Mailman, repairman, and salesman are all compound words with this connection: a man who __________. It is simple and direct, and goes on at the subconscious level. Given any compound, the speaker will connect the two parts. A long-distance runner is a runner of long distances. A gunfighter uses a gun to fight. A telephone book is a book for use with the telephone.
Subconsciously then, a chairman is a man who chairs (presides over) something. It takes a conscious effort to insert "or woman" into the equation. And conscious efforts are not accomplished as easily as subconscious ones.
Compounding this is the fact that chairman is the basic word most people use--and they use it precisely because they expect a man to be in charge (except in organizations where all the members are women). Being chair is a nontraditional role for women, just as chairperson or chair is a nontraditional term to describe the phenomenon. Fighting the new terms is an expression of the fight against the change in social roles.
Many women attaining--or attempting to attain--positions of power do not "quibble" over the words used to describe those positions. Indeed, because they are walking a very narrow path with many obstacles to overcome, they have their eyes set on the prize, not on the words describing the prize. Toughness is usually one of the attributes of the powerful, and it wouldn't really be "tough" to grouse about linguistic problems.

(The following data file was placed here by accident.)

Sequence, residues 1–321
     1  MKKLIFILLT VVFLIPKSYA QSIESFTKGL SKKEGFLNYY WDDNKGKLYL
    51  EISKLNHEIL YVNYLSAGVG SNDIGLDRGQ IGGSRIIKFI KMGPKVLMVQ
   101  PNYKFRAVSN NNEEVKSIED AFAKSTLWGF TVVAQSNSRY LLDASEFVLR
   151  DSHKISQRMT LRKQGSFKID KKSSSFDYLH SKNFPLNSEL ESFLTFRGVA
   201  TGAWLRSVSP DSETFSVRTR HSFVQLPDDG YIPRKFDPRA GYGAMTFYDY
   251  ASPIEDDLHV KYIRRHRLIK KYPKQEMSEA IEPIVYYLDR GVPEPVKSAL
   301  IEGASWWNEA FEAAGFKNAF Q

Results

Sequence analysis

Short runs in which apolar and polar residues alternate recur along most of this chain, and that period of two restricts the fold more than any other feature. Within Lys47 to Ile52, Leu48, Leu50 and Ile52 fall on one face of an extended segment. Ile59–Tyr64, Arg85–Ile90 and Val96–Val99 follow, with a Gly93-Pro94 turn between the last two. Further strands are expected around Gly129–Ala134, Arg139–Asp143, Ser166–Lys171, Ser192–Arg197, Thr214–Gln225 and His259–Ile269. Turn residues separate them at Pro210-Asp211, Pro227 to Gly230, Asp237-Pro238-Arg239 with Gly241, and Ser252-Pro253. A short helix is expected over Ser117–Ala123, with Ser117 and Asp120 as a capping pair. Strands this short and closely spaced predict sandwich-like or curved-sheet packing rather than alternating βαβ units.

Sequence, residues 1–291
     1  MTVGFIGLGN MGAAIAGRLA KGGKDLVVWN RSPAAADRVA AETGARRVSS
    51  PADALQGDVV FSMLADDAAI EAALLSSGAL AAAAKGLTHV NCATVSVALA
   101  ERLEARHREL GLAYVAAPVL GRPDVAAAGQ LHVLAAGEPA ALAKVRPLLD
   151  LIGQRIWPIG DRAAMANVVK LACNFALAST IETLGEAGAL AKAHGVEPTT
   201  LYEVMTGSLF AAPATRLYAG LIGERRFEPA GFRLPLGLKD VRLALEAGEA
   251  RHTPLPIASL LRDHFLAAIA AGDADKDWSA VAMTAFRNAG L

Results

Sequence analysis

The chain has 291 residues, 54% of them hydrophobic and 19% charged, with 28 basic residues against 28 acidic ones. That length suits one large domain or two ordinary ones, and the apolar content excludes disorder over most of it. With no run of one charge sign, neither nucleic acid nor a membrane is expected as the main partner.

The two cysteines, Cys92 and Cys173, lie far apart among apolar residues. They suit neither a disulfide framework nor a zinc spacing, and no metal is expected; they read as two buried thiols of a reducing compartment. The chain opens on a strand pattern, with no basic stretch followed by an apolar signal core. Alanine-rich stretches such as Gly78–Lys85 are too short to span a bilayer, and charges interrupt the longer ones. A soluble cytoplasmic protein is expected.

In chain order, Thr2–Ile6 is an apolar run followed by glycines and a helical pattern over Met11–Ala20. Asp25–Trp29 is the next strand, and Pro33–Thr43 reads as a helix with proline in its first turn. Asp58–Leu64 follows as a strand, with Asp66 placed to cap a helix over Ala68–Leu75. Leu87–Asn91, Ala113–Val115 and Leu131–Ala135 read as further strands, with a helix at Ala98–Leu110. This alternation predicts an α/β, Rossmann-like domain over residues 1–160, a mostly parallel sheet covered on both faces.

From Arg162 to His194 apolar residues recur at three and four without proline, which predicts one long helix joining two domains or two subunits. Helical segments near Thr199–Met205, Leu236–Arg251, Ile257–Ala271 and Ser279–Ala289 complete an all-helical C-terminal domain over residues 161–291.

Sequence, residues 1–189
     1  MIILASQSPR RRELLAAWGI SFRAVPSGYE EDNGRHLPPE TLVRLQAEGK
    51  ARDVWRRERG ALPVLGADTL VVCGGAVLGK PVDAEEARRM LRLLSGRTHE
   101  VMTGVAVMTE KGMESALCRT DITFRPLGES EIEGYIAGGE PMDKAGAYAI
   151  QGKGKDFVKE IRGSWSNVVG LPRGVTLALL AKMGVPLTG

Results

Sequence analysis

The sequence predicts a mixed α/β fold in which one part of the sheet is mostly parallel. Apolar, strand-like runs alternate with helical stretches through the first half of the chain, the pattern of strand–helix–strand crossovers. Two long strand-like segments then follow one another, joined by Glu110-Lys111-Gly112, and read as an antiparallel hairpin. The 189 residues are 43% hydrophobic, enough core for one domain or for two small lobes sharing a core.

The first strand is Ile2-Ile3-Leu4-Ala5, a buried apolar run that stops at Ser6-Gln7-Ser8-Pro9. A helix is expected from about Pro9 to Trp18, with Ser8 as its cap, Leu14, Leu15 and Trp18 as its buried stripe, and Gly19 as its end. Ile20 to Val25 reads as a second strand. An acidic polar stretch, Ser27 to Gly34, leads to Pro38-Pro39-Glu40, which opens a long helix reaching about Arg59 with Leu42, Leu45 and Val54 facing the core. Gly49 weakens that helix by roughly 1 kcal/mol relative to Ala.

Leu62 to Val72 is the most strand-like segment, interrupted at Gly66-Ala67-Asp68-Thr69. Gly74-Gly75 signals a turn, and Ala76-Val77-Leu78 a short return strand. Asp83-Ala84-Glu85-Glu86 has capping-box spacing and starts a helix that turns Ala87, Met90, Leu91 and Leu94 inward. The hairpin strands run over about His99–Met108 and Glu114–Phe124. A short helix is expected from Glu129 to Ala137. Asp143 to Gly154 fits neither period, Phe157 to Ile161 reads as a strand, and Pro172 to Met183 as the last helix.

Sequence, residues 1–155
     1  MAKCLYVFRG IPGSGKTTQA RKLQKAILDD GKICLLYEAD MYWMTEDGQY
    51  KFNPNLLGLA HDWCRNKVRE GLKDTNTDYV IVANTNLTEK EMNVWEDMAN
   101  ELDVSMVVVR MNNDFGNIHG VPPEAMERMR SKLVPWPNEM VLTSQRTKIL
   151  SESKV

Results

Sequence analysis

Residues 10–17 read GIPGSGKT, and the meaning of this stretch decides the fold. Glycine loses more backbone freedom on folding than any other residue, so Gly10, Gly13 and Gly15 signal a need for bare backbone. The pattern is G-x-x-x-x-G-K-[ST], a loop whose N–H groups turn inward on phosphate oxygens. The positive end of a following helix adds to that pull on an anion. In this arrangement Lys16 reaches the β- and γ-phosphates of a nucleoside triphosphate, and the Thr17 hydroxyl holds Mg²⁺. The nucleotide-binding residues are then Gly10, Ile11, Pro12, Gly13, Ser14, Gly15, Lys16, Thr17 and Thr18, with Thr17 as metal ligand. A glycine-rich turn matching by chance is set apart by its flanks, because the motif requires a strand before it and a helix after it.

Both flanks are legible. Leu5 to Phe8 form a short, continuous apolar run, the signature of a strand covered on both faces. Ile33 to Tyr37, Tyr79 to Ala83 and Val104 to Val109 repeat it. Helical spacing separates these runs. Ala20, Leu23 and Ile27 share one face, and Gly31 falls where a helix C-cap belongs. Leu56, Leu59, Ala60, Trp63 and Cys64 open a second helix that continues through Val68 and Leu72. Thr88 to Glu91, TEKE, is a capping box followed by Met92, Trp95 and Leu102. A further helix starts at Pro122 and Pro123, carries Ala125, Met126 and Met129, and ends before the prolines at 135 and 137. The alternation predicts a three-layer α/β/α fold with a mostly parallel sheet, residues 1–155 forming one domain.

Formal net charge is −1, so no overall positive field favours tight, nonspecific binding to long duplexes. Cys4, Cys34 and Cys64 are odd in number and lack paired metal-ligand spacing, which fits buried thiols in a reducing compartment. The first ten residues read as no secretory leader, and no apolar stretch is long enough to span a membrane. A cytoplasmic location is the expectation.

Whereas one might accept the realities of power in the games adults play, the connotative effects on the youngest speakers of English require a somewhat different view.
One of the earliest things children learn is that daddy is a man and mommy is a woman; it is a fundamental part of the social learning process. But later the child is also taught that man can be daddies and mommies both. How difficult, then, is this linguistic snarl to learn?
Take the following scene:
A young black boy approaches his mother and asks:
"Mom, what does this sentence mean: 'Now is the time for all good white people to come to the aid of their country.'?"